Secondly, such a speaker assembly requires a smaller front baffle than when several elements are to be placed one above the other. This allows you to develop a cabinet with the best frequency response, without thinking about how big the baffle must be. Genelec has also chosen to give the baffle soft curves, which blend in with the rest of the cabinet. A so-called “infinite baffle”, in order to prevent as much as possible diffractions that create distortion. Especially in the treble range.
8361A: Heir to old favorite
The all-new 8361A is the largest model in The Ones series. This is a direct successor to Genelec’s very first and largest coaxial three-way speaker, the now ten-year-old 8260A. Which I loved when I tested it in 2010, and which does just as well today as then. It really was something special.
The 8260A did not have the coaxial placement of the 10-inch bass, which was more traditionally mounted under the midrange element. Not very important, but it could probably present some challenges with the bass response for technicians who sat very close, with the speakers placed horizontally.
The new 8361 will change this, with a complete coaxial principle like the rest of the Ones series. It settles over 8351A, which we also thought sounded fantastic.
The case is the same size as the 8260A, and the two oval bass elements are also larger than in the little brother, with each of them measuring 10.5 x 5.5 inches.
Where the predecessor 8260A used a 150 watt amplifier for the bass element, the power has now increased to 700 watts! The total power is a whole kilowatt… As a result, the maximum sound pressure has increased by 5 dB, from 113 to 118 dB! Still with surplus to the worst transients, where you have another 6 dB available.
To achieve this, the 8361A has been given modern Class D reinforcement against its predecessor’s traditional Class AB principle. It is more effective, hence the increased effect.
But for sound engineers who have a lot of processors, sounds, compressors, noise gates and other components in the signal path, electromagnetic RF noise can become a problem with switched power supplies. Genelec insists that they have laid out the circuits carefully, and also added extra electromagnetic (EMC) filtration.
For hi-fi enthusiasts, the fear may be that Class D sounds less dissolved and rougher at the edges than Class AB. But my colleague Audun Hage had nothing to complain about when he tested the 8351A a few years ago.
The moment of greatness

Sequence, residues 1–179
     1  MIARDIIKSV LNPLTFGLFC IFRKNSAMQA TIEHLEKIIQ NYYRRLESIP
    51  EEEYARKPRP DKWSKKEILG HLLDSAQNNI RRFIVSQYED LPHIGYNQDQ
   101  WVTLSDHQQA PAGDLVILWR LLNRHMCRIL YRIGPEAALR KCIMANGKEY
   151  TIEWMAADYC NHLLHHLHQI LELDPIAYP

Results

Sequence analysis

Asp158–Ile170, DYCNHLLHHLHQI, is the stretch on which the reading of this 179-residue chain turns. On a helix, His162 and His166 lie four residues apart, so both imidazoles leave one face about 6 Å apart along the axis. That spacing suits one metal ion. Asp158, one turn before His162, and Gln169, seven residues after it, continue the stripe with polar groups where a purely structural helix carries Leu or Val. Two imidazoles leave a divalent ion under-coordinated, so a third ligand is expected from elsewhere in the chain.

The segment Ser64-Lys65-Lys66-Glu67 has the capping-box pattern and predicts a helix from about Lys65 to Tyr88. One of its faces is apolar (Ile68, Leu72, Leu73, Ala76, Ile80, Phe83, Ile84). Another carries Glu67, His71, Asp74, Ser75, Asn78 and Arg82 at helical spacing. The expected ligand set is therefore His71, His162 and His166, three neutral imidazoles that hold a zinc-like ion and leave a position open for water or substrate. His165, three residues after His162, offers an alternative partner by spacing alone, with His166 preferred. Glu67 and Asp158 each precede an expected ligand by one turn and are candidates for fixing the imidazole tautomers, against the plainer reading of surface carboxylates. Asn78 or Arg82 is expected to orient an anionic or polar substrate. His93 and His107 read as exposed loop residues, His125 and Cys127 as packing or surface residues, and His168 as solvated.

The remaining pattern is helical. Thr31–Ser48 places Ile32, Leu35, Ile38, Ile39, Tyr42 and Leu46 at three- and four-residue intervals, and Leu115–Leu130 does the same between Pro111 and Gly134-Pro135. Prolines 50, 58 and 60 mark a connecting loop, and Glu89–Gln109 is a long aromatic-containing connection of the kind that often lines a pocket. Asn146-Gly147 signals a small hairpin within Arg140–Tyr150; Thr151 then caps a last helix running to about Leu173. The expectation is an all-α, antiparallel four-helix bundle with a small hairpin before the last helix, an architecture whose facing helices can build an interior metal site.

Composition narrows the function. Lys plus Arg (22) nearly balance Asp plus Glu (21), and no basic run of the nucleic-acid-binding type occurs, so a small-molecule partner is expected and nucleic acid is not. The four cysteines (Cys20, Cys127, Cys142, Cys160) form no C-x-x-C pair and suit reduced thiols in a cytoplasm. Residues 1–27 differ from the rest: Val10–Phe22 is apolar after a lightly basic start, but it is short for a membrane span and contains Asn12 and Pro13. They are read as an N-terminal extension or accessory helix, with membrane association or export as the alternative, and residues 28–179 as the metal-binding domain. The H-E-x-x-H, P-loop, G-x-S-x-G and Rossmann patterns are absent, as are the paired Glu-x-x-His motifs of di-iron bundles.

8361A are large, heavy and look quite vulgar as near field monitors on the desk. I can still imagine some technicians will use them like this, and when you fire up the music I have no problem understanding why. On the contrary! For the makan of explosiveness!
I currently have no audio source with AES / EBU digital input, but instead use the coaxial output from the Teac NT-505 through an XLR transition. I do not want to connect analog, which is then A / D converted in the speakers. Although Genelec claims that it makes no difference. The shortest possible signal path is always the goal, no matter what.
Explosive Genelec gives goosebumps
The memories from the 8260A come back with a bang, and I sit and stare at how correctly the speakers sound, but at the same time be able to get everything that is fun. When you talk about speakers that sound correct, you can quickly believe that it sounds boring. And, yes, I realize I’m the billionth person to make that joke. But watch the James Bond song No Time To Die by Billie Eilish, and get ready for goosebumps three times.
Billie’s voice is in the middle of this dark ballad, and it is sensitive and close. With far more chest sound than on a number of other songs, where she is better known for almost whispering-singing. And the large, gaseous soundscape where all the details hang transparently in the air – like a hologram – is directly nerve-wracking. A distant trumpet with a long reverberation pulls us straight into the James Bond universe, and I simply sit and listen to the whole song. Since I feel like I’ve been dragged straight into the world of the sound engineer, I suddenly sit and think that I myself would probably have pulled the vocals a couple of decibels up all the way to the top to give it more air, but it’s very good I have not turned the sound on this the song. That would be shit.
Walking in the Air by Aurora gives the same type of goosebumps, but here the voice is lighter and with more air. Here, too, I hear the whole thing. The soundscape is so big, coherent and… correct.